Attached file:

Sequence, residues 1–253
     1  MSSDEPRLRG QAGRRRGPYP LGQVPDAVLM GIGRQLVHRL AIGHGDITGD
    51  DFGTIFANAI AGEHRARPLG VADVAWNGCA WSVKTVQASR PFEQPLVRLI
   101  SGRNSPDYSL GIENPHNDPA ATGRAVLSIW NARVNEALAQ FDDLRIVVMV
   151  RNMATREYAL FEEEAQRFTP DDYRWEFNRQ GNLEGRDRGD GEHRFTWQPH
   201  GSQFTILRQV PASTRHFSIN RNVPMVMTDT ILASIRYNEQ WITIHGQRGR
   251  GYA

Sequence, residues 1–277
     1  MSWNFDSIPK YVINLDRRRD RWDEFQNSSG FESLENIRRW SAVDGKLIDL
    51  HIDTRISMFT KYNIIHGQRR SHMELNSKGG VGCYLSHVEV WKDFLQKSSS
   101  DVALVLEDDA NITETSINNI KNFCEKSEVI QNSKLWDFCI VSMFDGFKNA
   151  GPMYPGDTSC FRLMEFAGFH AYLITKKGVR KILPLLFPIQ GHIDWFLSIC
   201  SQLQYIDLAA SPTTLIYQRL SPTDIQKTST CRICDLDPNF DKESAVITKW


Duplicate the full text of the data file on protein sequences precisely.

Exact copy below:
Sequence, residues 1–253
     1  MSSDEPRLRG QAGRRRGPYP LGQVPDAVLM GIGRQLVHRL AIGHGDITGD
    51  DFGTIFANAI AGEHRARPLG VADVAWNGCA WSVKTVQASR PFEQPLVRLI
   101  SGRNSPDYSL GIENPHNDPA ATGRAVLSIW NARVNEALAQ FDDLRIVVMV
   151  RNMATREYAL FEEEAQRFTP DDYRWEFNRQ GNLEGRDRGD GEHRFTWQPH
   201  GSQFTILRQV PASTRHFSIN RNVPMVMTDT ILASIRYNEQ WITIHGQRGR
   251  GYA

Sequence, residues 1–277
     1  MSWNFDSIPK YVINLDRRRD RWDEFQNSSG FESLENIRRW SAVDGKLIDL
    51  HIDTRISMFT KYNIIHGQRR SHMELNSKGG VGCYLSHVEV WKDFLQKSSS
   101  DVALVLEDDA NITETSINNI KNFCEKSEVI QNSKLWDFCI VSMFDGFKNA
   151  GPMYPGDTSC FRLMEFAGFH AYLITKKGVR KILPLLFPIQ GHIDWFLSIC
   201  SQLQYIDLAA SPTTLIYQRL SPTDIQKTST CRICDLDPNF DKESAVITKW